Preserving a legal inheritance: settlement rights in the "Occupied Palestinian Territories"

14 Sep 09
The fuller version of the article in the September 2009 Journal in response to Fraser Ritchie’s article of June 2009

by Gerald M Adler

1. Introduction
2. The land at Jayyous and its surroundings
3. Legal issues
a. Applying international law in the OPT
b. Substantive land law in the OPT
c. The Fence and the Green Line.
(i) Legal significance of the Green Line
(ii) Legal, political and security consequences
d. The legality of the Fence and restrictions on entry into the Seam Zone
e. Israeli civilian right of presence and settlement in the West Bank
(i) League of Nations Covenant 1920
(ii) San Remo Resolutions 1920
(iii) Treaty of Sèvres, 1920
(iv) Palestine Mandate, 1922
(v) UN Charter article 80
(vi) UN General Assembly Resolution 181
(vii) Israeli-Jordanian Armistice Agreement, April 1949
1. Introduction

Fraser Ritchie’s article “Unequal before the law” (Journal, June 2009, 22; for fuller version click here) purports to describe an adverse humanitarian situation prevailing in and around the Arab village of Jayyous, located in “Israeli occupied Palestinian Territory” on the West Bank (OPT) and situated close to the Jewish settlement of Zufin. He raises three separate legal issues from which he draws certain conclusions. However, when subjected to rigorous examination, these conclusions prove to be unsubstantiated or misinterpreted, resulting from errors and omissions of fact and law.

In setting the background to his investigations, Mr Ritchie states of his visit to Jayyous: “I was surprised by the degree of disregard for international law, humanitarian law, human rights and legal rights. Having experienced practice in Scotland in conveyancing and court, it seemed of interest (i) how land could be 'confiscated' by a state, and (ii) how a state could so ignore due process”.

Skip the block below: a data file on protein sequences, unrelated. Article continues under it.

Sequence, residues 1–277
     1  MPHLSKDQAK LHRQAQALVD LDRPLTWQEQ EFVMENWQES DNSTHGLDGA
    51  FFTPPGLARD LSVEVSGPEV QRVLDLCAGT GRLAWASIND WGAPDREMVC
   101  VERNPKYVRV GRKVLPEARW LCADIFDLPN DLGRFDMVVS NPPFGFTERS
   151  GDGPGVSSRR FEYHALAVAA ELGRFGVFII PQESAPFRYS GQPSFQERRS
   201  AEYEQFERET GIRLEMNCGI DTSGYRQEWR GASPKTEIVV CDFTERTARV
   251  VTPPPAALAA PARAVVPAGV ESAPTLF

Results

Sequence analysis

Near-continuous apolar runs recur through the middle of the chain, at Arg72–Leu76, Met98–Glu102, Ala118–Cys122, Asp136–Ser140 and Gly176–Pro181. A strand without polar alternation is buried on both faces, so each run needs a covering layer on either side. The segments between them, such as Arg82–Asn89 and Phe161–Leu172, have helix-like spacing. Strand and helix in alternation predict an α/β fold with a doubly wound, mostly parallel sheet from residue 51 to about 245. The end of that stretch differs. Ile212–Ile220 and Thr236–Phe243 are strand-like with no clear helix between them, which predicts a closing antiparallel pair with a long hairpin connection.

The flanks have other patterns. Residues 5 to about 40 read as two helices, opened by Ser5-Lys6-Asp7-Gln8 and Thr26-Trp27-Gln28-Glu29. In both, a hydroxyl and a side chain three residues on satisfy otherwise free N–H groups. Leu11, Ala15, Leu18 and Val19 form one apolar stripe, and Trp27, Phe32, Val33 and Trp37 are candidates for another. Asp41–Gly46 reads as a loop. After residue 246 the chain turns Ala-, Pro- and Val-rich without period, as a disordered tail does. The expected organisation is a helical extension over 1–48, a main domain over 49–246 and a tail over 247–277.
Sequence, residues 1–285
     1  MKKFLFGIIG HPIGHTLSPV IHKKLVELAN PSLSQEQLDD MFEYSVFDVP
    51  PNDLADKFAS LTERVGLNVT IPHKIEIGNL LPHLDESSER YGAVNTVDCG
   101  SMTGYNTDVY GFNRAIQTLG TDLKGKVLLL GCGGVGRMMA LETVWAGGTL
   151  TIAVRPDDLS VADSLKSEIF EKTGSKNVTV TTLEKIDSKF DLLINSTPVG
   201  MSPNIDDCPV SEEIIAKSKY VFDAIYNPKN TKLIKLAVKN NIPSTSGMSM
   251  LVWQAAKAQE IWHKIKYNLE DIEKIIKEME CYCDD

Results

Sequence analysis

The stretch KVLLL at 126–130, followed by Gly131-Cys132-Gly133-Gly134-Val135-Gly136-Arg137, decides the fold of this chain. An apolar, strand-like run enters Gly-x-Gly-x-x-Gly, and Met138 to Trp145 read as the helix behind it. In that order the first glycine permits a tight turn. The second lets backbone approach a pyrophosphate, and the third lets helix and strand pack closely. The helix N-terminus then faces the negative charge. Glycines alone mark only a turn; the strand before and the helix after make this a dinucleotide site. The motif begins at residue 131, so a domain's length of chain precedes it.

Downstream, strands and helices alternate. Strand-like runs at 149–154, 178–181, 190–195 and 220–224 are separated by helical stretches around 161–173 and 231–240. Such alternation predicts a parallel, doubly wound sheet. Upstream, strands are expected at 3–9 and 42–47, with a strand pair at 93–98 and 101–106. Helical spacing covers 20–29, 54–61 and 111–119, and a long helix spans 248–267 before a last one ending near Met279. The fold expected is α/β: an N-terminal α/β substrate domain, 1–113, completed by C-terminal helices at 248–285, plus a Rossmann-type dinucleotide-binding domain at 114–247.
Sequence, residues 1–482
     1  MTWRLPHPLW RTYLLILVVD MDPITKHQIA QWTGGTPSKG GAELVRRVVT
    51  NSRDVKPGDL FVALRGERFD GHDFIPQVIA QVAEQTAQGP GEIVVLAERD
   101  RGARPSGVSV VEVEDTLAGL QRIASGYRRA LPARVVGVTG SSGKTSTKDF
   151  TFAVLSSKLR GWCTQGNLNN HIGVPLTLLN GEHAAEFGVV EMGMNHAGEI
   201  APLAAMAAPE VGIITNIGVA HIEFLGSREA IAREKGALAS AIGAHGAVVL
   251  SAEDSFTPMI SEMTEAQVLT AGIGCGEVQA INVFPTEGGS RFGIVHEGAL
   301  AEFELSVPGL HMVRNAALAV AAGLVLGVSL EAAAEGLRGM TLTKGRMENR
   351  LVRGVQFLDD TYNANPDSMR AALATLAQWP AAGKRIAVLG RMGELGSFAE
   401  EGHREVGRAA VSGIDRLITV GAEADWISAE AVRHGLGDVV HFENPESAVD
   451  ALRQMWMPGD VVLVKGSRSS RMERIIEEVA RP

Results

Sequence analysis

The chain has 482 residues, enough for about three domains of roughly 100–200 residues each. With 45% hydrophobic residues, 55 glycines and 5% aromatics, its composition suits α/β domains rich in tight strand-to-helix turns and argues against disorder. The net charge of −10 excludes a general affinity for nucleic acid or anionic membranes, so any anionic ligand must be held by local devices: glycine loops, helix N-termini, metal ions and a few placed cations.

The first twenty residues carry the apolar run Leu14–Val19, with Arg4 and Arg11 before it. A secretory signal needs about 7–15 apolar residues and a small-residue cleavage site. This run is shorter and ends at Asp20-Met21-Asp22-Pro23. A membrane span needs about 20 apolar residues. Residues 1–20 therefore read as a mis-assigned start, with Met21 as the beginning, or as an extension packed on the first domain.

Without giving his readers a clear description of the legal and factual context, Mr Ritchie concludes that:

(a) Israel manipulates and exploits the land legislation applicable in the OPT so as to bring under Israeli state control large tracts of undeveloped or uncultivated land. This operates to the detriment of the Palestinians, who, in his opinion, are entitled to have free and untrammelled access to such lands and to develop them;

(b) Once such land is repossessed by the state, it is used to (i) establish Israeli settlements; and (ii) accommodate the terrorist security barrier (the "Fence").

The reality is that while the injury and inconvenience caused to the Palestinians by Israel is to be regretted, their situation is much less severe than that which Mr Ritchie portrays.

Mr Ritchie's article omits to make even a single reference to the role and earlier judgments of the Israeli Supreme Court. Since 1967, it has opened its doors to receive petitions for redress submitted by Palestinians alleging personal injury and harm or damage to their property within the OPT, caused by arbitrary or illegal acts purportedly committed by the Israel Defence Forces ("IDF") or by other Israeli nationals acting in their official capacity. Many of these claims have been resolved in the Palestinians’ favour.

Further, in discussing the Fence, its construction, location and gates, and the damage and inconvenience caused to Palestinians by its presence, Mr Ritchie ignores

* the context in which Israel gained occupation of the West Bank;